“Bosses of the Senate.” by Joseph Keppler, 1889. At the height of the Gilded Age, private oligopolies became as powerful as, if not more so than, states. The more things change…
Alas, capitalism, we hardly knew ye! Actually, we’ve known ye all along, and we know that you can sometimes be a real sumbitch.’ But thanks to the not-surprising-yet-still-infuriating revelations highlighted in the Panama Papers, we know at lot more about the world’s most notorious open secret: global capitalism has allowed private interests to thrive unencumbered by the whims of states, democratic or otherwise.
In fact, you might say that capitalism as practiced by the neoliberal global order is really just a front for perpetuating a modern feudal system. The Road to Serfdom indeed.
Inside a meatpacking plant in Nebraska. These chambers of slaughter often rely on the illegal immigrants that Americans love to loathe.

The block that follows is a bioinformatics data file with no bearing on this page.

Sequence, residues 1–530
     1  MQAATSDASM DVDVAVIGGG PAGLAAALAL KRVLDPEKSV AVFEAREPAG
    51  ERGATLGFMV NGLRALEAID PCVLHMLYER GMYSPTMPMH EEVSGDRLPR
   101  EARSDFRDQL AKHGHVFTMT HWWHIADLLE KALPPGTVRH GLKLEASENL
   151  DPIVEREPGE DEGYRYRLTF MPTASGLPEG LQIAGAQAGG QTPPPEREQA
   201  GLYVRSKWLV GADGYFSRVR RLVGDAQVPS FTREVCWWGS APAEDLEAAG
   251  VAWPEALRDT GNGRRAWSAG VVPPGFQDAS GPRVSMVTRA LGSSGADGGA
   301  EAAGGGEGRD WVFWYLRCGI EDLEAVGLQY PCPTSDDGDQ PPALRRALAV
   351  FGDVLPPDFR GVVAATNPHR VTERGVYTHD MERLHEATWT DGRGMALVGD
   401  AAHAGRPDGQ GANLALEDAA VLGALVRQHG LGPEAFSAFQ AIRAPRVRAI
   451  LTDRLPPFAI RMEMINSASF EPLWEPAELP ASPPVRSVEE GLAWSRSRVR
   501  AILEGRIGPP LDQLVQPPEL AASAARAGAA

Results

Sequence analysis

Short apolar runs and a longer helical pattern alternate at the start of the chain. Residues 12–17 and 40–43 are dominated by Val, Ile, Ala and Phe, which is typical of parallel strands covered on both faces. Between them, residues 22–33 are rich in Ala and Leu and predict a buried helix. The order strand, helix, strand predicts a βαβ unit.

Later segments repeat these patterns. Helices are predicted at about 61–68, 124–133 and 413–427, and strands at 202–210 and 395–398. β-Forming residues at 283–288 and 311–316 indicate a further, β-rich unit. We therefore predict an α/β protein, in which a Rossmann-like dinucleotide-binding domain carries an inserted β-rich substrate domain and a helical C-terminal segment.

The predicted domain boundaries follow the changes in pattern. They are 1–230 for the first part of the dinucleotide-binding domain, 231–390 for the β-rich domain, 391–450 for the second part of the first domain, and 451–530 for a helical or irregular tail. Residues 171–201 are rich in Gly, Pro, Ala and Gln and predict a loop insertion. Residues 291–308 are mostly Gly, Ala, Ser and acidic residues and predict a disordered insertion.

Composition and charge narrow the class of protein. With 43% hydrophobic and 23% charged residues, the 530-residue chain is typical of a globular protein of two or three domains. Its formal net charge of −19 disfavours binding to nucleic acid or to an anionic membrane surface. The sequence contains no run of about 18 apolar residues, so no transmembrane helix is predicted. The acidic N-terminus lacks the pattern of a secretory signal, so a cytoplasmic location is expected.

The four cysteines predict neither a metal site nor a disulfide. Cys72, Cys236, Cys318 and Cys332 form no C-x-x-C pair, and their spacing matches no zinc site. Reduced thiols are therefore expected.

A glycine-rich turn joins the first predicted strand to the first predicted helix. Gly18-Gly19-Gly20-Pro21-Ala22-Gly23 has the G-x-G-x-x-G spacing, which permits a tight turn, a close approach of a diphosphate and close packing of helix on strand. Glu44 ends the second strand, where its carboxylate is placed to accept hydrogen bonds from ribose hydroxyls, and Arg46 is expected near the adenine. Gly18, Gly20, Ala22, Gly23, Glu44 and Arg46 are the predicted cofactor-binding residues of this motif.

In Chapter 4 of The Jungle — Upton Sinclair’s searing 1906 exposé of the American meatpacking industry — Lithuanian immigrant Jurgis Rudkus arrives at the steaming blood chambers of Chicago’s slaughterhouses and follows his boss to the “killing beds.” He’s given a large broom to “follow down the line the man who drew out the smoking entrails from the carcass of the steer” and sweep the innards into a trap “so that no one might slip into it.” As the screams of animals whose hides were being peeled from their still-living bodies echoes off of the gut-splattered walls, Rudkus wades through pools of coagulating blood and tries to avoid losing a limb to the same gnashing blades that turned cattle into steak. This is a job primarily reserved for immigrants, and Rudkus is glad to have it: at least it promises a future — it promises the American Dream.